Automation of Art (Part 01)
Perhaps this line of thought continues on from my scribblings on digital and analogue photography in my last post. I’ll start by saying I am an ‘ubergeek’ and I do love technology, hence why I am quite excited about gizmos like the new Lytro Illum camera; it just looks cool and really opens up endless possibilities to photography, ‘Who needs a focusing ring any more’. Overall I just welcome such inventions and digital applications into the creative fold; I do wonder though if they start to conflict with the act of making and the overall significance of art.
Anyhow, there are two particular inventions from the last few decades that I have found to be really fascinating, both in their engineering qualities and the final resolutions they can produce. Both were made for the manufacturing and fabrication industry; which, over time they soon became assimilated into the creative world, which has led to some stunning creative investigations.
This first machine that peaked my interest is the laser cutter; effectively an X,Y plotter that has a high powered, focused laser emitter at the end. Primarily developed for metal cutting and routering within an industrial setting; these machines can now be typically found in art colleges and universities. With such devices an artist can enter their CAD based design into the computer and basically hit print, or in this case ‘Burn, baby burn’. The laser cutter then cuts through or burns away layers of the chosen medium through precise control of the depth and power output of the laser.
Over the years I have seen a growing number of items produced in this manner, from greetings cards to shadow play installations. The designs can be very intricate and do indeed look quite amazing; yet I will admit that I have started to become a little blasé and jaded in my appreciation of work produced via this technique. From my own experience I know how easy a free licensed vector design can be downloaded from the Internet tweaked and modified slightly to then go through this process to create, what is essentially a new yet appropriated piece of artwork.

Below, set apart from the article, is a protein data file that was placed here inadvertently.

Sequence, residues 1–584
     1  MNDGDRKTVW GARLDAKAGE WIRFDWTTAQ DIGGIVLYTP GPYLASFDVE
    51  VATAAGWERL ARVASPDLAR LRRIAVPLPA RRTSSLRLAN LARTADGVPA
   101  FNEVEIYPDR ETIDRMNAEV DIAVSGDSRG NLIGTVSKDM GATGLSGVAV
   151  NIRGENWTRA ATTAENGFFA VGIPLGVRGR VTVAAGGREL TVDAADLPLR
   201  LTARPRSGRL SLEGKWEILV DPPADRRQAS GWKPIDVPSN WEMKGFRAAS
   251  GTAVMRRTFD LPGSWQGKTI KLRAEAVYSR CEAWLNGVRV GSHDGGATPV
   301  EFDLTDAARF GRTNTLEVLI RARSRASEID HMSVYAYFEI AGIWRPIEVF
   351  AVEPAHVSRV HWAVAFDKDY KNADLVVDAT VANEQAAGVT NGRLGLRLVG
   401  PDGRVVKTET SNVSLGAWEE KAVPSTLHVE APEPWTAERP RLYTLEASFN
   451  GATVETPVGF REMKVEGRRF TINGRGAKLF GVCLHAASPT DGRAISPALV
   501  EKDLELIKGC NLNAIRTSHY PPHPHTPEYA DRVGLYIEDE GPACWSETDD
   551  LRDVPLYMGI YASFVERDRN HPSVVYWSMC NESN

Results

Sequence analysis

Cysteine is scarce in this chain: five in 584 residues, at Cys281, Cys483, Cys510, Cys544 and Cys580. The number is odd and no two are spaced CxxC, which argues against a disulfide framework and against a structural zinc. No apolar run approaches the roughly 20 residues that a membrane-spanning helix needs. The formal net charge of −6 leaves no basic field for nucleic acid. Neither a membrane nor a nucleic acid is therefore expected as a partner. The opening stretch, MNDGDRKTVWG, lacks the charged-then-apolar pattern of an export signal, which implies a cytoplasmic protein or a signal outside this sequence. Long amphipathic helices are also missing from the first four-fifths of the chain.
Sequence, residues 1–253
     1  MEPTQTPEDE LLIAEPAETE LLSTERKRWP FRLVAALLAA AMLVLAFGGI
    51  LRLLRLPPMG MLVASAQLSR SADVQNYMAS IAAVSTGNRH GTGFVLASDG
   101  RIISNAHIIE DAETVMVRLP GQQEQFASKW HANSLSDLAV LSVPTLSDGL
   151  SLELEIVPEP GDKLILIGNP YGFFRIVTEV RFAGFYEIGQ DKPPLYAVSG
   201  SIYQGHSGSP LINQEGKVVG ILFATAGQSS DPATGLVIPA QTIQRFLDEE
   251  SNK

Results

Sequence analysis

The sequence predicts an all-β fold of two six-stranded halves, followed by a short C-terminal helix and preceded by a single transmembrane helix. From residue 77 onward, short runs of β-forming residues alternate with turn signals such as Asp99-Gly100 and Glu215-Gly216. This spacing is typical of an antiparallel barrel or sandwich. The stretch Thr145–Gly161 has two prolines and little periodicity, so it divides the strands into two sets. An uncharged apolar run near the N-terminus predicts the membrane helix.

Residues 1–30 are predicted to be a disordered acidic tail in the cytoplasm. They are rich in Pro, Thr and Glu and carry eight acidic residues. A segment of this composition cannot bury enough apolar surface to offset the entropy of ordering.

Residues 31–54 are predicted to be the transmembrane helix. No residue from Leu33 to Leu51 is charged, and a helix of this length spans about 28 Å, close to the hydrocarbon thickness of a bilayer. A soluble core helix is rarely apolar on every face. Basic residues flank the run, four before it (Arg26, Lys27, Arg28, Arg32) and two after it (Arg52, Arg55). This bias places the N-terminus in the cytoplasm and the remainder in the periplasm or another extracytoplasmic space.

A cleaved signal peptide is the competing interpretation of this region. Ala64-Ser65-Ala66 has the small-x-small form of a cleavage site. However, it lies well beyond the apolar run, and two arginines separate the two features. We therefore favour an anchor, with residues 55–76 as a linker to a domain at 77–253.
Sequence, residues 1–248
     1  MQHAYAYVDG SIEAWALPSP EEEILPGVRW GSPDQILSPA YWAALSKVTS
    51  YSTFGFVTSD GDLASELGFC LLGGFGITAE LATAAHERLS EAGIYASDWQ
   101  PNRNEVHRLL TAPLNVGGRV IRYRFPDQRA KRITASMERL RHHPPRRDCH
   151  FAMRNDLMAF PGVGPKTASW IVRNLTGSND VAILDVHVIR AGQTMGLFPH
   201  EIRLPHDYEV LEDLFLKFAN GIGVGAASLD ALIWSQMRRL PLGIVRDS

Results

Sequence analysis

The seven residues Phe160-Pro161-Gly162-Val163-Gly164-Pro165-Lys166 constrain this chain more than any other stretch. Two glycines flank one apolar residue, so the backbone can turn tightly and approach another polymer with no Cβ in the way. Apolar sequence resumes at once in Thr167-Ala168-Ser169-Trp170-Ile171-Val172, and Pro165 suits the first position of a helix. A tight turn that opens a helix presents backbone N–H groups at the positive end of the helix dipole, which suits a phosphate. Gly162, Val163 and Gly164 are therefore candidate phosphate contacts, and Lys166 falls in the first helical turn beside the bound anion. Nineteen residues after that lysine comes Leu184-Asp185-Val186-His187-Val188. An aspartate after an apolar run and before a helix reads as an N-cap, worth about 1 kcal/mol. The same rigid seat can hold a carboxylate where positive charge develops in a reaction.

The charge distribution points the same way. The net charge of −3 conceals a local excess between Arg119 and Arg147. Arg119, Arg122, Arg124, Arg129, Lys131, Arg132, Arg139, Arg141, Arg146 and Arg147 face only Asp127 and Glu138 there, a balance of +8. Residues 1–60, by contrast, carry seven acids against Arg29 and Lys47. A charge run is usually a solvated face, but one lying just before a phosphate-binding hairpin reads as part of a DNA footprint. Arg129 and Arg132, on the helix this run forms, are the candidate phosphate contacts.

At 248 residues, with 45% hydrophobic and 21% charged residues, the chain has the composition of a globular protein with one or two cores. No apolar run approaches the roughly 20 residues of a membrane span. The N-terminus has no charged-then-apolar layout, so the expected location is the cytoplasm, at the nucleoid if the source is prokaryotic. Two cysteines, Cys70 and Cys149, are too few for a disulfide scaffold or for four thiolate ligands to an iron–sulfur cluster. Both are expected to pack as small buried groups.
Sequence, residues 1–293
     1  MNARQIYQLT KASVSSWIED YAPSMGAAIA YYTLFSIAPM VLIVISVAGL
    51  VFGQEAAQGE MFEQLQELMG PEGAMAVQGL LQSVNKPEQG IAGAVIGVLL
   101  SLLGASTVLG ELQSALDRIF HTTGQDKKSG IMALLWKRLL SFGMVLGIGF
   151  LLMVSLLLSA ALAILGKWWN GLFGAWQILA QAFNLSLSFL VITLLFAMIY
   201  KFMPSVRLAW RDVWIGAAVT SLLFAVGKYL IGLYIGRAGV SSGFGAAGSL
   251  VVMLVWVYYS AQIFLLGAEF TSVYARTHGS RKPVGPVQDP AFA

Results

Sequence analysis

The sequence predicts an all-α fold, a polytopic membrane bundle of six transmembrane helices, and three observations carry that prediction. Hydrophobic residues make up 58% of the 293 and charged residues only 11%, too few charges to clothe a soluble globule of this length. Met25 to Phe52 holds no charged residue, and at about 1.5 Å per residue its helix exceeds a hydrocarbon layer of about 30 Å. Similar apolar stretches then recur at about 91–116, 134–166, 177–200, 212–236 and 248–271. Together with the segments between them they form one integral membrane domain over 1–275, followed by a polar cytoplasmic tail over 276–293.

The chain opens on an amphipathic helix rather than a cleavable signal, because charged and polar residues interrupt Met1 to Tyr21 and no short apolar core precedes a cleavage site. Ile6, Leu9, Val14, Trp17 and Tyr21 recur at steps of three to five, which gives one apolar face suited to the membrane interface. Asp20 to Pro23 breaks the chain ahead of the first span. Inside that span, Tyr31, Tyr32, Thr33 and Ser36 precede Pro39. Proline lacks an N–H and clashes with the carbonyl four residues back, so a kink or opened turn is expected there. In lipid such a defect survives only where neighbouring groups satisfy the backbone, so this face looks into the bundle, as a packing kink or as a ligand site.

It seems that my appreciation of artwork, is guided by the making process, this has become my principal criterion in ascertaining its interest and worth to me. It is although the finished article has become secondary unless I know that a certain level of skill has been used in its formation. This has happened recently when I saw the work of Lorenzo Duran, ‘pictured above’; my first reaction was, they are good, probably done with a laser cutter, nothing special, NEXT! Then I found out that these highly detailed stencil works have all been meticulously hand cut, so now I find the work interesting, why?
Now, I am really drawn to the work of Eric Standley and his amazing 3D layered stained-glass window inspired pieces. I viewed the work, armed with the knowledge that it was laser cut; yet I still found them quite pleasing, perhaps it is the intricacy of the designs and the use of negative space that I found to be noteworthy. Anyway in this short video he states about initially making straight copies from other designs, further tweaking them for his work. So where is the skill and does this work lose any artistic substance?
Through this automated process, has now the artist become an artisan, and through this mechanised system, is the work looked upon as craft. I noticed in the video that Standley’s work is beautifully framed and placed onto easels, in some ways elevating them as unique pieces of art. Yet through this laser cutting technique, hundreds of identical pieces could be produced in a day; does this matter, if these designs were painstakingly hand-cut, would they then give more of an impact?
Does the digital process and the automation of creating take anything away, perhaps through this mechanised making machine, the lines of art, craft, artist and artisan are getting thinner?
For some more great work see: